Advise clients to commence discussions of the proposed plans with adjoining owners early to identify and address potential concerns. Adjoining owners may be more willing to consent if any concerns are addressed early on.
  2. Detailed Notices:
    The works must be performed in accordance with the notice served. Clients should be encouraged to take steps to ascertain the full scope of the work required prior to preparing the notice. Detailed instructions of the proposed works should be taken in order to ensure that the notice is detailed and clear.
  3. Documentation:
    Keep detailed records of all communications, agreements, and notices. All notices should carefully comply with the notice requirements set out above. Ensure any consent given is in writing.
  4. Reasonable Arrangements:
    Be flexible and considerate in arrangements, agreeing to reasonable working hours, and taking steps to minimise inconvenience.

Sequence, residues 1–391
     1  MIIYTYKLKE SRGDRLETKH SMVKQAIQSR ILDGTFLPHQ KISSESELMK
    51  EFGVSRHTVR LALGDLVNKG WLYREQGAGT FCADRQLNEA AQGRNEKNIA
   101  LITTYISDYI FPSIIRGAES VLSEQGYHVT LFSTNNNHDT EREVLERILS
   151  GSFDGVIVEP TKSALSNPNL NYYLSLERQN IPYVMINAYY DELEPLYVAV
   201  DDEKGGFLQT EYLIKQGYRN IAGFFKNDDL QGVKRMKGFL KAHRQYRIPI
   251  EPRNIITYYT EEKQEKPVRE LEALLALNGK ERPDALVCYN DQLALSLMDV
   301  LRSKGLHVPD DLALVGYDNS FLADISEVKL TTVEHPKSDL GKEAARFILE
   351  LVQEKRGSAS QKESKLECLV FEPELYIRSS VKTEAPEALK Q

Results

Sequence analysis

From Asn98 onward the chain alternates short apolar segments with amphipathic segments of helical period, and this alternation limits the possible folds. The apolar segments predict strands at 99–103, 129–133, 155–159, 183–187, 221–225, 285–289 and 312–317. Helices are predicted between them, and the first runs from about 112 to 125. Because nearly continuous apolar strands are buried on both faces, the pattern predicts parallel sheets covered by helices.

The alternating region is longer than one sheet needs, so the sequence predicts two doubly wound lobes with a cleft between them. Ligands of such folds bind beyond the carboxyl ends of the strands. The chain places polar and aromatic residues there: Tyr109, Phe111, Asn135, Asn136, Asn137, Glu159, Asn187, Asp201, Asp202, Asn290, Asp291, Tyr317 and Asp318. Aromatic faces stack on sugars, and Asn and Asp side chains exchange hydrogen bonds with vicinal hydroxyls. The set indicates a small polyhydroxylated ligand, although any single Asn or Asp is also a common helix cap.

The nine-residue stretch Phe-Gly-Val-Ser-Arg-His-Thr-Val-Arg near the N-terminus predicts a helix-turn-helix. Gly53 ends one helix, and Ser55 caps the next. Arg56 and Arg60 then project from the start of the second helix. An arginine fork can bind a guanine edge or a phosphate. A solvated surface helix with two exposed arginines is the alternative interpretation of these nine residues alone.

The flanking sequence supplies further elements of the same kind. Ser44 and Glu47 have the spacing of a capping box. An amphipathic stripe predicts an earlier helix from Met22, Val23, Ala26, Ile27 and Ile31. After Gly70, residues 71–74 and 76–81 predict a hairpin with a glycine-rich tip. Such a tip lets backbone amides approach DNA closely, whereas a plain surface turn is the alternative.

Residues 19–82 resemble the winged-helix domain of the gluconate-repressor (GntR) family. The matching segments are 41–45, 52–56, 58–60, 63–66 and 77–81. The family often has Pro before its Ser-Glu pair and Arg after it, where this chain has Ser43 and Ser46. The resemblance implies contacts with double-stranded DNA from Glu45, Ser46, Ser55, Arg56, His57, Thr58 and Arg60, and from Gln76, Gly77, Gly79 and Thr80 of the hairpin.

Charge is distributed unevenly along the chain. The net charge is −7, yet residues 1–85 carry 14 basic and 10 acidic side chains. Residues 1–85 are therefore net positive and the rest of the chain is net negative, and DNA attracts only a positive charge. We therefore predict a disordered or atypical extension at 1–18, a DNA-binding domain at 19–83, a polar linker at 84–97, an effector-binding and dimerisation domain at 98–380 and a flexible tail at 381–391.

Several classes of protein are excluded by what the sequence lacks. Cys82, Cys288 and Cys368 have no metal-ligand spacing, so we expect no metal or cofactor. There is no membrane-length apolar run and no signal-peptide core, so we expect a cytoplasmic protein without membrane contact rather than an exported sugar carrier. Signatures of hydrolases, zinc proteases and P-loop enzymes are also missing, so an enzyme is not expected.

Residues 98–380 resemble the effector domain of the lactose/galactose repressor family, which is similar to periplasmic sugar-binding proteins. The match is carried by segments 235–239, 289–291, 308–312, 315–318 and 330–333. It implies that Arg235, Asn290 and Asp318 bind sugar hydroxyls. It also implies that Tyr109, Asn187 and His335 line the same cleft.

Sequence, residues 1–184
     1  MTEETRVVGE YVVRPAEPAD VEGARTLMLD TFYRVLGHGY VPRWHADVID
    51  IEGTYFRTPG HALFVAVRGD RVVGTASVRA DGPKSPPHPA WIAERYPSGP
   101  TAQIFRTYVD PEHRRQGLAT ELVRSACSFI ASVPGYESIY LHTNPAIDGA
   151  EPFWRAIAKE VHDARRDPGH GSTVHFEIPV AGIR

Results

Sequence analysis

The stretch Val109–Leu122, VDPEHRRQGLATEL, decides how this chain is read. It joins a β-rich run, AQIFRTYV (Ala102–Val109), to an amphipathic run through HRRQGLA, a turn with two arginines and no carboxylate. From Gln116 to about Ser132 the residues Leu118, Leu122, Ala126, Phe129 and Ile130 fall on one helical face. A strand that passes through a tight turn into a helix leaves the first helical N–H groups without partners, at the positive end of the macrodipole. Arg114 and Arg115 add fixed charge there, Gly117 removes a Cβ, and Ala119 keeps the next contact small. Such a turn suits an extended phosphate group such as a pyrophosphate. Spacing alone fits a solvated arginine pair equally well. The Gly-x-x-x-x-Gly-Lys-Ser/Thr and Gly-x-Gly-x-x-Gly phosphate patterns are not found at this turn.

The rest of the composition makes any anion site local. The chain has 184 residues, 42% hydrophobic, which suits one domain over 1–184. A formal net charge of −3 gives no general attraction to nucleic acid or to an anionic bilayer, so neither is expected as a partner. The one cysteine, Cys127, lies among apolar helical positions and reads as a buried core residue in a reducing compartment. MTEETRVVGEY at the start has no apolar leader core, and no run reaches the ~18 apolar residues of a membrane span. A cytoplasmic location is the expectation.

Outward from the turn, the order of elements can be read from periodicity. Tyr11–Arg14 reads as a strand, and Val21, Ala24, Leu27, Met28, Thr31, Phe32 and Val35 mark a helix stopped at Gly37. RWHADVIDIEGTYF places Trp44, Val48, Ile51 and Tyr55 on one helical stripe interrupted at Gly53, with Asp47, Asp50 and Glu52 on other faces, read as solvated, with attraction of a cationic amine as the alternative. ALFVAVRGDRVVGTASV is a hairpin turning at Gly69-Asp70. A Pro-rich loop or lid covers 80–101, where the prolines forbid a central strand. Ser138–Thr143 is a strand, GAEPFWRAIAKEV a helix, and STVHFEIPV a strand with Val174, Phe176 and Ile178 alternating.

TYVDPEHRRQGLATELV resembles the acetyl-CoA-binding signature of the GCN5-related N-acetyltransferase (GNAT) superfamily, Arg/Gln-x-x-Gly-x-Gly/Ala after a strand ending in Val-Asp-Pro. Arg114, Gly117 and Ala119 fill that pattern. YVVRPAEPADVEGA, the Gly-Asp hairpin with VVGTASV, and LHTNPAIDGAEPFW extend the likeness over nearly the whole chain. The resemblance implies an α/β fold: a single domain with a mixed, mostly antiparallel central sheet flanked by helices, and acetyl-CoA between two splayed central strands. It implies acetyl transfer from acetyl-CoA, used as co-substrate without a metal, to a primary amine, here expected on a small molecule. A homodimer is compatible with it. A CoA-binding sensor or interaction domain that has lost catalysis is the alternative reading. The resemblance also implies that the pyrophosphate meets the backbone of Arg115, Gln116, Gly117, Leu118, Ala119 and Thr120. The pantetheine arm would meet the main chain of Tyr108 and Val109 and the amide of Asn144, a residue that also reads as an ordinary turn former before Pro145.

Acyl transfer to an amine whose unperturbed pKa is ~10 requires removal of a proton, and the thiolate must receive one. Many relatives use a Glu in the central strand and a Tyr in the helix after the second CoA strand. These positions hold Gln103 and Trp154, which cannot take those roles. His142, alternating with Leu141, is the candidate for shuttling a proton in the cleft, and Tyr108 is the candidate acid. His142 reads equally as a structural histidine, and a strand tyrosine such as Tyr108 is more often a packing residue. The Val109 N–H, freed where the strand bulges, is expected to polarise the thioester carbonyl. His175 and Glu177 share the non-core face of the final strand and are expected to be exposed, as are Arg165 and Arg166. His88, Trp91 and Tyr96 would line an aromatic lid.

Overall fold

By understanding and adhering to the Act’s provisions prior to commencement of works, clients can be guided through proceeding with their renovation projects with confidence and with the best chance of maintaining good neighbourly relations.

As HHJ Grant observed in Heathcote v Doal [2017] EWHC B8 (TCC):

“… the whole point of the Party Wall Act is to provide for a regime of the service of notices and counter-notices, the appointment of surveyors, the provision of an award, all of which is intended to be done before works are commenced.”

Whilst every effort has been taken to ensure that the law in this article is correct, it is intended to give a general overview of the law for educational purposes. Readers are respectfully reminded that it is not intended to be a substitute for specific legal advice and should not be relied upon for this purpose. Please also note that this article represents the opinion of the author and does not necessarily reflect the view of any other member of St Philips Chambers.

Written by Angus Thomas